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No Perfume for Detroit City Workers

By Tanya Roth, Esq. on March 16, 2010 | Last updated on March 21, 2019

In a bizarre lawsuit against the city of Detroit, the city found itself in hot water for allowing their employees to wear perfume.

Susan McBride, a city planner, received $100,000 to settle a lawsuit, due to breathing sensitivity to chemical products. The lawsuit was filed under the Americans with Disabilities Act and complained about a co-worker's perfume. 

Under the ADA, a person who is considered "disabled" is someone who has a physical or mental impairment that substantially limits "major life activity." The law prohibits employment discrimination on the basis of disability.

The city's reaction and initial response to McBride was that there was no medical diagnosis to sustain her supposed disability. Interestingly, however, Multiple Chemical Sensitivity is a medical condition. According to WebMD, the condition entails a sensitivity to chemical that is heightened. And symptoms can be severe, including nausea and even diarrhea.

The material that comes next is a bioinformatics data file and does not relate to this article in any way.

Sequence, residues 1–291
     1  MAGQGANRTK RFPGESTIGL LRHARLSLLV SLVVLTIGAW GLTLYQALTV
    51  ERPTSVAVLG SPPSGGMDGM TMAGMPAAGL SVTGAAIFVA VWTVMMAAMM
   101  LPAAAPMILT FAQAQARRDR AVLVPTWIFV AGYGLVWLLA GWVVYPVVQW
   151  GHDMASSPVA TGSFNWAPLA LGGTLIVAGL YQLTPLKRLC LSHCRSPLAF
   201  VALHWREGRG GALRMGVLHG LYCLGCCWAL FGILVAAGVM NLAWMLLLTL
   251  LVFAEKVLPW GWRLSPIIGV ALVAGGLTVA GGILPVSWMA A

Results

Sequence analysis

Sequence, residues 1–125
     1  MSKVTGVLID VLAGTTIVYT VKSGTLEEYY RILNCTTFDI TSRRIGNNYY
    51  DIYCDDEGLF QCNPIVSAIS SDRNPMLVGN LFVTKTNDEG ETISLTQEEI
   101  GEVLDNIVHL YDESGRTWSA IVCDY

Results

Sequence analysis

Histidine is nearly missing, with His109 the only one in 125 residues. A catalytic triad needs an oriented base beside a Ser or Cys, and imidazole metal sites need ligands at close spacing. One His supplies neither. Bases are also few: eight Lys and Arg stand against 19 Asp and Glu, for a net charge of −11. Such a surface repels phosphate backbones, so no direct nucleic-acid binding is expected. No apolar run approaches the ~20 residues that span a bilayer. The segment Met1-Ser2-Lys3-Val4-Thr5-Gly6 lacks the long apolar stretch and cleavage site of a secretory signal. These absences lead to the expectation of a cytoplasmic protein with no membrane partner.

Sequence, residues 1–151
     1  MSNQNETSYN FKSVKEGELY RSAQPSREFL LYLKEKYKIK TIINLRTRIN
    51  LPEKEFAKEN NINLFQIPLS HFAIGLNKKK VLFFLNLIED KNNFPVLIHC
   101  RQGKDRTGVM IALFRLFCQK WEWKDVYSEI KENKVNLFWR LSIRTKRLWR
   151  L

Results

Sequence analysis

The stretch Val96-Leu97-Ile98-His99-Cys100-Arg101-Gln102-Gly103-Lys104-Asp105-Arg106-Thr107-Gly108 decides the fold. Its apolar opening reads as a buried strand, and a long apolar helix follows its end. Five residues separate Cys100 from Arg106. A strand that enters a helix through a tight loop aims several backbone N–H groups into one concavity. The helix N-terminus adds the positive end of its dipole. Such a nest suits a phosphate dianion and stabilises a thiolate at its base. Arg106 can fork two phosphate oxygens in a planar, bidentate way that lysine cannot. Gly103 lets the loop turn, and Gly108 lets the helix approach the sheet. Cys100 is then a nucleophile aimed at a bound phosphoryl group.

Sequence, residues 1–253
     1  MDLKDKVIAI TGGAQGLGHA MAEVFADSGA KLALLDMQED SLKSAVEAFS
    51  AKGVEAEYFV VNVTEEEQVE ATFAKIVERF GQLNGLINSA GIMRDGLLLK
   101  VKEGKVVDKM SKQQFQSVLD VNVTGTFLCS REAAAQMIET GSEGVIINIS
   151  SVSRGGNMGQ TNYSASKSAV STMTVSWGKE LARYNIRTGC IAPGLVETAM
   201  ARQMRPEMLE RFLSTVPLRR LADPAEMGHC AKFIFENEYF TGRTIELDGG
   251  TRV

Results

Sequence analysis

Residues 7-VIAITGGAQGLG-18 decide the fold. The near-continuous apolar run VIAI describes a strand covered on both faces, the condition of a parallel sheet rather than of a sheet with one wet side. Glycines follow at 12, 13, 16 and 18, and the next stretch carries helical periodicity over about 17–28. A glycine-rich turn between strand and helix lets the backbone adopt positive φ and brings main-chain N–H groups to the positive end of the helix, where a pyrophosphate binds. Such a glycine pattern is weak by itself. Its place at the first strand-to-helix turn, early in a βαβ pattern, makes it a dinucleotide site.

Ironically, other symptoms mentioned by WebMD include irritability and mood changes.    

The city will now begin to place placards in the buildings. In addition to the placards, the city will also amend their employee handbook, to provide for the "no perfume" rule. 

Preliminary reports mention that all fragrances will be banned, including scented candles, lotions and spray or solid air fresheners. In addition, perfume samples from magazines will not be allowed, either. 

These types of personnel rules dealing with personal hygiene are not common, according to one Detroit attorney.   

In light of this ruling, it will be interesting to see how many employers begin treading on the domain of employee hygiene. This lawsuit could open the door to several more across the country.   

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